You are darkness
Trying to lull us in, before the havoc begins
Into a dubious state of serenity
Acting all surprised when you’re caught in the lie
We know better
It’s not unlike you
The worry over being ‘overdue’ is now replaced by a cunning that can only come with age and experience.
Let’s turn to the music. As much as Keenan provides a substantive incantation that speaks to a primal and violent side of masculinity, the amount of time when the vocal instrument is silent is by far the majority.
When it comes to music, the intensity of my love necessarily creates a lot of baggage. I have listened and studied and learned and joined and rejected and tried and failed to love every kind of music. Heavy Metal could charitably be described as a blind spot. I look to the familiar ground of Prog. Dream Theater is not a band I adore, but I have listened to several of their albums and have seen at least one love performance. I know their association with both Prog and heavy metal communities. Does that help create an easy path to Tool? Many have told, and I have read as much, that Tool is a form of Prog band.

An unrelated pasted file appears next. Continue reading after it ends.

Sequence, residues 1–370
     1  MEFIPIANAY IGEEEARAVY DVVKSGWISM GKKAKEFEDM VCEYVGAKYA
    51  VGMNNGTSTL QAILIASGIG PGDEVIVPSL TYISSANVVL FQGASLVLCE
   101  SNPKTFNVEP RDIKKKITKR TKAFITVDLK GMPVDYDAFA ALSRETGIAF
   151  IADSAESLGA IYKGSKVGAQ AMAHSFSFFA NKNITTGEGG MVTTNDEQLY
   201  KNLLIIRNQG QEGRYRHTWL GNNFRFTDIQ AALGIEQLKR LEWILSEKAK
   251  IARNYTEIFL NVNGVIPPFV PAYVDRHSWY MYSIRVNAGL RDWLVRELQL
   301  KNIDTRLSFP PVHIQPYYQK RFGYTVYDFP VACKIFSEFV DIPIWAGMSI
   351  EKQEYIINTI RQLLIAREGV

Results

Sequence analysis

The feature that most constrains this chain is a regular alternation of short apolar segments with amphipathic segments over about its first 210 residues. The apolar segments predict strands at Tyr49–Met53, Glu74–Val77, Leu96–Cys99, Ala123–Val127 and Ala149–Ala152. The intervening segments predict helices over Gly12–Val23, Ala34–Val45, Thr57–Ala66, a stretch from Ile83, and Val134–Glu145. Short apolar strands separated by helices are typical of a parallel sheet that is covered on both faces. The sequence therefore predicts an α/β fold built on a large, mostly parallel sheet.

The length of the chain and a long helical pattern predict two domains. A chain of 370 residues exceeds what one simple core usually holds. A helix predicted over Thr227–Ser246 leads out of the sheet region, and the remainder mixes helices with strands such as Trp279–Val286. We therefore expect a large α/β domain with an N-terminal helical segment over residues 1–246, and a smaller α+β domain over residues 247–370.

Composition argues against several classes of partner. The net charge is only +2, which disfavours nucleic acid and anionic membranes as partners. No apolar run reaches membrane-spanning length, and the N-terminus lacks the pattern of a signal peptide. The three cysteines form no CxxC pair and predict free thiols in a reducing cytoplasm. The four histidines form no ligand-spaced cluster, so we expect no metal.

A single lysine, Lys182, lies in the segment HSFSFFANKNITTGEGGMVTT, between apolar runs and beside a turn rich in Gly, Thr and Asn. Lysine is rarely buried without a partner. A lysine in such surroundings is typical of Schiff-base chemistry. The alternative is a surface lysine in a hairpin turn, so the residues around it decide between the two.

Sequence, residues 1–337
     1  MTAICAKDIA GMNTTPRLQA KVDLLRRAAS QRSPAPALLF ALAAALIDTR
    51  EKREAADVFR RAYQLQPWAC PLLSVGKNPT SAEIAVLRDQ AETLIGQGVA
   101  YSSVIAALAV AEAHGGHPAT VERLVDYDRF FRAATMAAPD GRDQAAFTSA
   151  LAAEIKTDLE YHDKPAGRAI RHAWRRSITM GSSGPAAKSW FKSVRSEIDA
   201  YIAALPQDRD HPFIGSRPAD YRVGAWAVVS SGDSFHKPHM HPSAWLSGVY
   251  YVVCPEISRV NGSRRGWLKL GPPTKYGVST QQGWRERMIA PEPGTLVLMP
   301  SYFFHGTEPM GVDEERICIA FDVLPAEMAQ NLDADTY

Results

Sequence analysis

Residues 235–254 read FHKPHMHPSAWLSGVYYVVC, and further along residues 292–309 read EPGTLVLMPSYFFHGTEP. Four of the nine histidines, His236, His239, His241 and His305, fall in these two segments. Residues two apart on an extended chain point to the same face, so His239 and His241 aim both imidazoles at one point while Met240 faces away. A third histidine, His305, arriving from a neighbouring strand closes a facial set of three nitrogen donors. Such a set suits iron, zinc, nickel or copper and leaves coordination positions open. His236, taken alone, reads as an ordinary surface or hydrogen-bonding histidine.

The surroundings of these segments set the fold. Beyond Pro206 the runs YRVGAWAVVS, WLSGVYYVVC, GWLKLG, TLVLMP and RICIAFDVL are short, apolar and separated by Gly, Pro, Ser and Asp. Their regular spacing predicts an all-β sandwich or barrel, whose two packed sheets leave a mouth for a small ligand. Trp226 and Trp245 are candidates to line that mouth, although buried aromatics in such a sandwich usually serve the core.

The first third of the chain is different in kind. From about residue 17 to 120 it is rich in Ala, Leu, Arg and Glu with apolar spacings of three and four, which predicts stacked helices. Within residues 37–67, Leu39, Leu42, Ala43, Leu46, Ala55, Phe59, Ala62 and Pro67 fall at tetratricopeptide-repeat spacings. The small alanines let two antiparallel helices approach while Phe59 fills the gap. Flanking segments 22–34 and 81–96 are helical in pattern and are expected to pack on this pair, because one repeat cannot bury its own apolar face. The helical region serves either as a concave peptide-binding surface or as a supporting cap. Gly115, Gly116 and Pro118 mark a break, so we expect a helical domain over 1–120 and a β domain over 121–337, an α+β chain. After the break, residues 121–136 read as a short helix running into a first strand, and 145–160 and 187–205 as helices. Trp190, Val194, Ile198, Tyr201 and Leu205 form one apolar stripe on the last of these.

There are similarities with Dream Theater, but I’m more struck by the difference. I would summarize the key distinction as patience. Tool seems to be a far more patient band. Perhaps that is evidenced by the thirteen years it took to get this record released. When Dream Theater engages in a ten plus minute excursion, it’s often a dance of swords. There are acrobatic feats of daring that keep the listener on their toes. Tool may employ a fancy time signature, but the emphasis is more on a chunka chunka built around Danny Carey’s controlled chaos. The pattern may be hard to discern at first, but it is there and it is relentless.
Guitarist Adam Jones is a founding member, yet his playing is so understated. There is not a single solo in this mass of music that seeks to draw too much attention to itself. On the contrary, the purpose of guitar on this record appears to be building drama and clearing a path for percussion.